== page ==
In the Lead2021-01-07T17:39:15-05:00


In the Lead

FAFSA delay blog
FAFSA Delays-Navigating the Thorny Landscape of College Unaffordability

For many low-income college students, the prevailing Free Application for Federal Student Aid (FAFSA) delays are causing added panic to our ever-growing educational crisis of soaring college costs. IWPR's Policy Team weighs in.

Moms EPD 2023
Mothers’ Wage Inequities Go Beyond Paid Labor

August 15 was Mom's Equal Pay Day and IWPR's research shows that In 2021, working moms made just 62 cents on the dollar compared to working fathers.

Black Womens EPD 2023
Black Women’s Equal Pay Day 2023: No Matter What State They Live In, Black Women Make Less Than White Men

Black women earned 64 cents for every dollar earned by White men in 2022 and won't reach pay equity until 2144, according to data released by IWPR ahead of Black women’s Equal Pay Day.

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Student Debt Is a Crisis for Women, and Black Women Bear the Greatest Burden

After treading water through two years of pandemic-related student loan forbearance, people with student debt are due to resume payments on May 1, 2022, a shift that will leave many to drown. Student debt is a crisis in the United States, and one that disproportionately impacts women and people of color. Achieving economic mobility—or even just stability—often requires a postsecondary credential. While some unique career paths, like construction trades, offer apprenticeship as a pathway to good jobs, the vast majority [...]

February 17, 2022|Categories: In the Lead|Tags: , , |

Pregnancy Accommodations Can Help Tackle Skill Shortages, Retain Talent in the Trades

Over four decades after the passage of the Pregnancy Discrimination Act of 1978, many pregnant workers still experience discrimination and struggle to get reasonable accommodations that would allow them to maintain employment during their pregnancies. New research from IWPR highlights how a lack of pregnancy accommodations harms employers, the economy, and workers’ economic security. IWPR’s survey of tradeswomen shows how a lack of pregnancy accommodations is a factor that pushes workers out of construction jobs with family-sustaining wages and benefits. [...]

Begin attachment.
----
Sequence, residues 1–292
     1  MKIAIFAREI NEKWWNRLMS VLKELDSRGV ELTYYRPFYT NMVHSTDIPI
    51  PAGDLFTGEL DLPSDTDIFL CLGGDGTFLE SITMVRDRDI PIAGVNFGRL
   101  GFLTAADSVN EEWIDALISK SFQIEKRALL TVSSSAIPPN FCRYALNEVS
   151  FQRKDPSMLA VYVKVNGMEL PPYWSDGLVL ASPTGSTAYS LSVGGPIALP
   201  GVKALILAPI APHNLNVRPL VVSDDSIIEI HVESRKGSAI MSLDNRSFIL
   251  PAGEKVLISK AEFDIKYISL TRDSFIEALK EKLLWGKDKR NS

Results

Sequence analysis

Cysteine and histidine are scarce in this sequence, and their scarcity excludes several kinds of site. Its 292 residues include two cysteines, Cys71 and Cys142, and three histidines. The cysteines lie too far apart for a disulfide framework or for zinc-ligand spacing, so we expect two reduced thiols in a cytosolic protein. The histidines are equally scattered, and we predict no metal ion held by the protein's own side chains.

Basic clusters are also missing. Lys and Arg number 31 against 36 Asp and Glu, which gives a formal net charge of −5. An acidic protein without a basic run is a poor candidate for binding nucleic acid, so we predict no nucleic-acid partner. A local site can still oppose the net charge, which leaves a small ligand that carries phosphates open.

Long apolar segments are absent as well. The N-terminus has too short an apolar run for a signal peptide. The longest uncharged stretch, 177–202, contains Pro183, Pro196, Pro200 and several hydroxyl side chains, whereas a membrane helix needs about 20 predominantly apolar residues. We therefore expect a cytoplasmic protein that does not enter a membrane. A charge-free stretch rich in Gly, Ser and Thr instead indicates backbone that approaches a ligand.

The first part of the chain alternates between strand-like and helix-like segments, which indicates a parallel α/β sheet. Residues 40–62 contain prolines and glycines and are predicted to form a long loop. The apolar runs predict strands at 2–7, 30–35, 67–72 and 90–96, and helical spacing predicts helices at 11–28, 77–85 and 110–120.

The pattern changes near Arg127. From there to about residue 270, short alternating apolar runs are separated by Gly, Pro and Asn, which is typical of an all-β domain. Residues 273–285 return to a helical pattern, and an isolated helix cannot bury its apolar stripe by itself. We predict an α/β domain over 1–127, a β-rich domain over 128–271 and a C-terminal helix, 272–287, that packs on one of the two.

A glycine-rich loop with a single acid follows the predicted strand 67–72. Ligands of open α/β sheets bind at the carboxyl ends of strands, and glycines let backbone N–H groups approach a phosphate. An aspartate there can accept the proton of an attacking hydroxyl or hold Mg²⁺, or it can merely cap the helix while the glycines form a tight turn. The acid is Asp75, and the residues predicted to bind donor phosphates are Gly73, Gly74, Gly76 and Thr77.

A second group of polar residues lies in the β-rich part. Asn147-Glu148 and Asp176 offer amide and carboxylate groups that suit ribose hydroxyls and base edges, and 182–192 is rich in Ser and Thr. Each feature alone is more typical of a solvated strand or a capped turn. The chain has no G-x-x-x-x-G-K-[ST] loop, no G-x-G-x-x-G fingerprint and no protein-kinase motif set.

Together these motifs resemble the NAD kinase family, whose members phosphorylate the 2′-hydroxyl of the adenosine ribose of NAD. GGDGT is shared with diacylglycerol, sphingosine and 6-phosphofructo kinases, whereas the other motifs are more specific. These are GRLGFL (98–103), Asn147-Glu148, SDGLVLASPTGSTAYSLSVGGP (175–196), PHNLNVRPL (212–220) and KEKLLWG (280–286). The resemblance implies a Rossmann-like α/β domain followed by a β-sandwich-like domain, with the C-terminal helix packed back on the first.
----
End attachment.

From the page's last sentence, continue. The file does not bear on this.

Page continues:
January 28, 2022|Categories: In the Lead|Tags: , , |

The States Making Strides to Close the Gender Wage Gap

In 2020, women made 83 cents on the dollar compared to men, based on median annual earnings for full-time, year-round work. Compared to White non-Hispanic men, White women made 79 cents on the dollar, Black women 64 cents, and Hispanic or Latina women just 57 cents. Without major policy interventions, these gaps will take decades or even centuries to close. Unless we make a change, Black women aren’t projected to reach equal pay until 2133, and Latinas will have to [...]

January 21, 2022|Categories: In the Lead|Tags: , |

Senate Failed Again to Ensure Fair Access to the Ballot Box, Crucial to Addressing Racial and Gender Inequities in Our Society

This week, the US Senate failed again to pass voting rights legislation that would have been crucial to the role of women in society, ensuring more equitable access to the ballot box, especially for black women and women of color. Institute for Women’s Policy Research (IWPR) CEO and President C. Nicole Mason lamented that trivial concerns about procedure factored into the bill’s undoing. “It is sad to see this crucial bill undone by arguments about the filibuster and Senate tradition. [...]

January 20, 2022|Categories: In the Lead|Tags: , |

December #JobsDay Data Show Women’s Recovery, and Child Care and Elder Care, Continued to Fall Behind Recovery

The December 2021 jobs report provided a mixed picture, with only moderate jobs growth, a continued lag of women’s jobs recovery behind men’s, and another month with an absolute drop in child care and elder care jobs—while jobs in the overall economy grew. As last month, survey data from individual households (Current Population Survey) is much more positive than survey data collected from establishments about the number of workers on payroll (Current Employment Situation). Household data suggests that the rate [...]

January 10, 2022|Categories: In the Lead|Tags: , |

Holiday “Magic” Is Also Unpaid Care Work

The gender inequities in care work are well-documented. According to the American Time Use Survey (ATUS), in 2019, women spent 2.16 hours per day on household activities such as cooking and cleaning while men spent 1.39 hours.* Further, women report spending 16 percent more time purchasing goods and services. Experimental ATUS data from 2019 and 2020 showed that women spent an average of 1.7 hours per day and men spent an average of 46 minutes per day caring for and [...]

December 23, 2021|Categories: In the Lead, Media|Tags: , |
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